The Nexus of Economics, Security, and International Relations in East Asia

The Nexus of Economics, Security, and International Relations in East Asia

The Nexus of Economics, Security, and International Relations in East Asia

The Nexus of Economics, Security, and International Relations in East Asia

Synopsis

While, over the last 30 years, the global economy's center of gravity has shifted to East Asia, the region has remained surprisingly free of interstate military conflict. Yet this era of peace and growth has been punctuated by periodic reminders of enduring security problems in the region-from China's military modernization, to unresolved territorial disputes, to persistent tensions on the Korean peninsula.

This volume is one of the first to treat these issues of economics and security as interconnected rather than separate. Its authors-leading scholars from the U.S. and China-shed new light on this important nexus by applying insights from a rich variety of approaches to explore and explain the dynamics of a region whose importance for students of both international political economy and international security has grown dramatically. They show that both economic and security 'fundamentals' matter if one is to understand the reasons for, and evaluate the durability of, East Asia's recent peace and prosperity.

Excerpt

Avery Goldstein and Edward D. Mansfield

East asia has experienced more than three decades of peace and prosperity, a sharp contrast with the recurrent wars and lagging development that plagued much of the region during earlier eras. the last major military conflict, the Sino-Vietnamese War, ended in 1979. Although skirmishes between the antagonists were not completely extinguished until the 1980s, the year 1979 marked the beginning of a clear secular decline in militarized conflict that has continued through the present (see Figures 1.1 and 1.2). That year also marked the start of sweeping economic reforms initiated under Deng Xiaoping’s leadership in China. China’s reforms, however, were only the most widely publicized among various efforts at economic liberalization throughout the region since the late twentieth century. These policy shifts have enabled many East Asian countries to share in a newfound prosperity that had previously taken root in Japan and in the so-called four tigers. Yet this era of peace and growth has been punctuated by periodic reminders of enduring security problems in the region. Do these security problems pose a threat to East Asia’s record of economic success? Or do economic success and the greater levels of international economic cooperation that have accompanied it provide a foundation for political cooperation and the management of security problems? the contributors to this volume shed new light on these important questions.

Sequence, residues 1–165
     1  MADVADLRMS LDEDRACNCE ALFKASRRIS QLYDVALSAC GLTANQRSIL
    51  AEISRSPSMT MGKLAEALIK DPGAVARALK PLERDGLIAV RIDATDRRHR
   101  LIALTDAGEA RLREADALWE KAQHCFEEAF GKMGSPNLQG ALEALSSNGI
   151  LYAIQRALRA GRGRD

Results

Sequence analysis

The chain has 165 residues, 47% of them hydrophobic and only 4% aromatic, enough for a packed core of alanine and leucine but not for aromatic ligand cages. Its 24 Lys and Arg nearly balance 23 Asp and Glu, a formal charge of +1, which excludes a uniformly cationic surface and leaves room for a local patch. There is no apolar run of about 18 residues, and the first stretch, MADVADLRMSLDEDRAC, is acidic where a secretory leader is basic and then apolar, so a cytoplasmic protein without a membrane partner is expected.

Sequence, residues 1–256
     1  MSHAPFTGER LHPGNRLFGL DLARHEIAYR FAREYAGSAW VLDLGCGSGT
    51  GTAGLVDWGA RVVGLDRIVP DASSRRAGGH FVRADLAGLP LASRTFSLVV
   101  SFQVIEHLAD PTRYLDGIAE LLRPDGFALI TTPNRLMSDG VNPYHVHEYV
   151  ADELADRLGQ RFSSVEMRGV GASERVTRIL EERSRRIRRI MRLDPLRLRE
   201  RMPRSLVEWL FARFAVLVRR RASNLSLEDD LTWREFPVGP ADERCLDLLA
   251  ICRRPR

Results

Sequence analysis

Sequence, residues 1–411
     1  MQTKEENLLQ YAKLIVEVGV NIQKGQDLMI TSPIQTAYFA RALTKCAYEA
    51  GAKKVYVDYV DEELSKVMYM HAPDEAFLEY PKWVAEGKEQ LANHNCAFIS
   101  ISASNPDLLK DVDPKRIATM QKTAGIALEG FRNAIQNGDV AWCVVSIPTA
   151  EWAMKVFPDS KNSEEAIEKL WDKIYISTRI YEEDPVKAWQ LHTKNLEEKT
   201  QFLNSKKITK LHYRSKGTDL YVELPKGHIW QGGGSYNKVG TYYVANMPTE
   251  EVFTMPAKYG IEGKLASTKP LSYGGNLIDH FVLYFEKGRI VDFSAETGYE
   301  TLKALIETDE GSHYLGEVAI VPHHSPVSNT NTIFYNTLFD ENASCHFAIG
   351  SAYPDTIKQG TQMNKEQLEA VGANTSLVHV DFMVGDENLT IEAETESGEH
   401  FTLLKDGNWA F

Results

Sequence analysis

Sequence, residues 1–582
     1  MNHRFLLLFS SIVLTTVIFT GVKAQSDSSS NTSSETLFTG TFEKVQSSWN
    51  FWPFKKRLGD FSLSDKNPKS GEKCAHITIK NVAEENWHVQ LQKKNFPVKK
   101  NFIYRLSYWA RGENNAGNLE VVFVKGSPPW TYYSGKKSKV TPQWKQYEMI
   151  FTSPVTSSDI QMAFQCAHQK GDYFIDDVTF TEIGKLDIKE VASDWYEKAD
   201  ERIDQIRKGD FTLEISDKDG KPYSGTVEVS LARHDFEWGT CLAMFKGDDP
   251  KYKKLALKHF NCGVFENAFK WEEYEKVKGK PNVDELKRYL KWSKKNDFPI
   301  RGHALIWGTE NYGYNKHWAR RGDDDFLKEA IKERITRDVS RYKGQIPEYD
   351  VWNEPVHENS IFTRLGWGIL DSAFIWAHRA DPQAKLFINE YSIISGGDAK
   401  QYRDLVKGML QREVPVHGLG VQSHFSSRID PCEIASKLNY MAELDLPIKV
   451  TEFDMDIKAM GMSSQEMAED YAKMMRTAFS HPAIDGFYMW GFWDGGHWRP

Three broad approaches to thinking about economics and security in East Asia can be identified. One approach views the region’s growing economic . . .

Search by... Author
Show... All Results Primary Sources Peer-reviewed

Oops!

An unknown error has occurred. Please click the button below to reload the page. If the problem persists, please try again in a little while.